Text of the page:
W3C home > Mailing lists > Public > public-xml-er@w3.org > February 2012

So if we can't fix everything, what can we fix?

From: Tony Lavinio <alavinio@progress.com>
Date: Sun, 26 Feb 2012 22:16:20 -0500
Message-ID: <4F4AF584.1090209@progress.com>
To: "public-xml-er@w3.org" <public-xml-er@w3.org>
Ideally, by XML-ER N.0 we could turn any arbitrary file into the fully-documented
abstract syntax tree representing the source code that generated that file -- and
while we're at it, spin straw into gold.

But for version 1.0 of XML-ER, maybe we should start with a taxonomy of conditions
we'd like to recover from, and work up?

It seems to me if we have some good use-cases, then we can figure out the
general scope of the work.

For example:

a. XML-ish document contains nulls or control characters.
b. XML-ish document contains other characters outside supported character set.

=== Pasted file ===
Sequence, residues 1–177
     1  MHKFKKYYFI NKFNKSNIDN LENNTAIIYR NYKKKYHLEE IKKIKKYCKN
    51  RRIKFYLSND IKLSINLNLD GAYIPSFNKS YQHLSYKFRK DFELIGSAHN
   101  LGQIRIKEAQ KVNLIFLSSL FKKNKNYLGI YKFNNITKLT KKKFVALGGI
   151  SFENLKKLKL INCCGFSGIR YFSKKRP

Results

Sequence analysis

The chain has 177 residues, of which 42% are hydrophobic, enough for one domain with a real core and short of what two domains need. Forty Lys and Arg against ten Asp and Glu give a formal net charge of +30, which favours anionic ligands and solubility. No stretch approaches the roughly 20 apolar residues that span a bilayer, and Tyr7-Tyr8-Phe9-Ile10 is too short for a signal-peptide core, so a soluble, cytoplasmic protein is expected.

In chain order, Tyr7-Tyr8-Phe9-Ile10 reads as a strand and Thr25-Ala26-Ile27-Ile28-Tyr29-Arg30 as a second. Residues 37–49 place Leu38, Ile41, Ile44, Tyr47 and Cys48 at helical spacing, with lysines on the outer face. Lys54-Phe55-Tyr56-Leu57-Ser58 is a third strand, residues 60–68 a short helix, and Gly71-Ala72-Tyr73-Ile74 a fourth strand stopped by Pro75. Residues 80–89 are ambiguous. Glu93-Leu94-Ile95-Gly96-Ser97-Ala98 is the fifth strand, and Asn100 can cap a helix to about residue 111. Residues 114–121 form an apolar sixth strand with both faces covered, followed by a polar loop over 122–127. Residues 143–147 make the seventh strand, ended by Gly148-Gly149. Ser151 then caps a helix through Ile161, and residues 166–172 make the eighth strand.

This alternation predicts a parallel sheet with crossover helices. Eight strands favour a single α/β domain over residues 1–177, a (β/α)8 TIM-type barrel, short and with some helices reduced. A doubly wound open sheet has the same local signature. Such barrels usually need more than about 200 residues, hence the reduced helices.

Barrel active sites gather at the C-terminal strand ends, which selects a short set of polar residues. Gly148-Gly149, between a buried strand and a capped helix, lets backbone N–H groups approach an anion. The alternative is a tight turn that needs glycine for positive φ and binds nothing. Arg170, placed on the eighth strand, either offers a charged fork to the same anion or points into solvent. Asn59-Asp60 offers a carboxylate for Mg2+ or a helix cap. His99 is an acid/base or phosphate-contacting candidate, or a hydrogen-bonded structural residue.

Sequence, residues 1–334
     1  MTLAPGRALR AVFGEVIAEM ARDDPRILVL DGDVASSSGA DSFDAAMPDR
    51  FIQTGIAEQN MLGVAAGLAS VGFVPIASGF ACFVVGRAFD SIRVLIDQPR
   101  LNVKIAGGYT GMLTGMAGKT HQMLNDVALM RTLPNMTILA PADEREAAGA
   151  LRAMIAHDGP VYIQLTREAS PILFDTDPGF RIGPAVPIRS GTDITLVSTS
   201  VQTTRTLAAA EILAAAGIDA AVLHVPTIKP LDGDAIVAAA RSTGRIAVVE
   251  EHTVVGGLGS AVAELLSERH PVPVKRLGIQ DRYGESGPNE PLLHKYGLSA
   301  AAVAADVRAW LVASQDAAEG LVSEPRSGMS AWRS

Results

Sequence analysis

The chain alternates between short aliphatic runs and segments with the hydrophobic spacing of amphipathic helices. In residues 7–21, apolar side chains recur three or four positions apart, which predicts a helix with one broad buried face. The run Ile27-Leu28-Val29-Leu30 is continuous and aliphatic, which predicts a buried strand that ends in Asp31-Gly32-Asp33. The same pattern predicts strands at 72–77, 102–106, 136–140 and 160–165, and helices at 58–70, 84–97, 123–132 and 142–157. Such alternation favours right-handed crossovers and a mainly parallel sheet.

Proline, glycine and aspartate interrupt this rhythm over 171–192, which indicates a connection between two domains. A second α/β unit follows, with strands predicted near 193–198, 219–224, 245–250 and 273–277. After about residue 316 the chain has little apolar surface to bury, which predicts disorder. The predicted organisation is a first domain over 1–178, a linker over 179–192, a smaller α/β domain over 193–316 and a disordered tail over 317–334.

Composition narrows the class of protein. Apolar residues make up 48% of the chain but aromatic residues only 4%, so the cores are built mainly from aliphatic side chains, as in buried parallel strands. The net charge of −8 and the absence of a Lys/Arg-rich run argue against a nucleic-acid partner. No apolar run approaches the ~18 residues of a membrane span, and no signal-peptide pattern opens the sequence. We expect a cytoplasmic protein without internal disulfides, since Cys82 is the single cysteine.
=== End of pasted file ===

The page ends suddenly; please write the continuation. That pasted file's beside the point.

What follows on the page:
b.1. XML-ish document contains name starting with digit.
b.2. XML-ish document contains name containing invalid character that is otherwise a valid XML char.
c. XML-ish document contains a free &.
d. XML-ish document contains a single unclosed element.
e. XML-ish document contains an element with two colons.

And in each case, we can figure out what the user actually meant.

(Perhaps we should rename XML-ER to XML-DWIMNWIS[1]?)

[1]: http://www.urbandictionary.com/define.php?term=dwimnwis

TONY LAVINIO <mailto:alavinio@progress.com>
Principal Software Architect

PROGRESS SOFTWARE CORPORATION <http://www.progress.com/>
14 Oak Park | Bedford, MA 01730-1414 | USA

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Received on Monday, 27 February 2012 03:16:48 UTC

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